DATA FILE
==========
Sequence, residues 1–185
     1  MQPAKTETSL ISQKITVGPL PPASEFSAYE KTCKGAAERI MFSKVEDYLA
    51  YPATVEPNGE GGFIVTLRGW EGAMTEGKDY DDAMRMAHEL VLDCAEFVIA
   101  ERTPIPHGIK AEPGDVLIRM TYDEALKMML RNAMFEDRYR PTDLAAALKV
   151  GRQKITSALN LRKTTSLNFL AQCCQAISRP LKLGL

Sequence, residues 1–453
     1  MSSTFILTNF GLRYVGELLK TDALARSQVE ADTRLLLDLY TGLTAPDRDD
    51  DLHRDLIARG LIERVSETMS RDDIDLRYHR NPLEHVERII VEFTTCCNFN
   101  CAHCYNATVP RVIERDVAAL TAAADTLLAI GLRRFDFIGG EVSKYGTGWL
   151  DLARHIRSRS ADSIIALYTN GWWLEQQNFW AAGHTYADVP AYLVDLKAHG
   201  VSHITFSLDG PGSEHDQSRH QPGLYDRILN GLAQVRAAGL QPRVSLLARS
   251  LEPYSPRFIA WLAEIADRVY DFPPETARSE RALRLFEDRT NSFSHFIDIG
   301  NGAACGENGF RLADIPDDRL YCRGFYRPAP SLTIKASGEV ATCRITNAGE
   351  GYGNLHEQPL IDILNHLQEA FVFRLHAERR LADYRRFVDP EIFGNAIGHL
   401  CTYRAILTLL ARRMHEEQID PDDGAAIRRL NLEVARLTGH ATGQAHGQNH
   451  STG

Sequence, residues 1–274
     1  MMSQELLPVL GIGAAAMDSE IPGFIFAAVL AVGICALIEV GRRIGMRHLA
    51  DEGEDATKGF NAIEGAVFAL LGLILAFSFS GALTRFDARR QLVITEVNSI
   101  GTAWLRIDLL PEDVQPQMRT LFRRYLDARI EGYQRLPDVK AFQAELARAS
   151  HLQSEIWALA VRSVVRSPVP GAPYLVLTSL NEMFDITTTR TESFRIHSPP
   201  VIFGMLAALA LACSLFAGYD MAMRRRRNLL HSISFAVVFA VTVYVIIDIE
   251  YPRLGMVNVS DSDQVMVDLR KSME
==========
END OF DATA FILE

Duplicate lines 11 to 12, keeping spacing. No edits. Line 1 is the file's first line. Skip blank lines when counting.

   201  VSHITFSLDG PGSEHDQSRH QPGLYDRILN GLAQVRAAGL QPRVSLLARS
   251  LEPYSPRFIA WLAEIADRVY DFPPETARSE RALRLFEDRT NSFSHFIDIG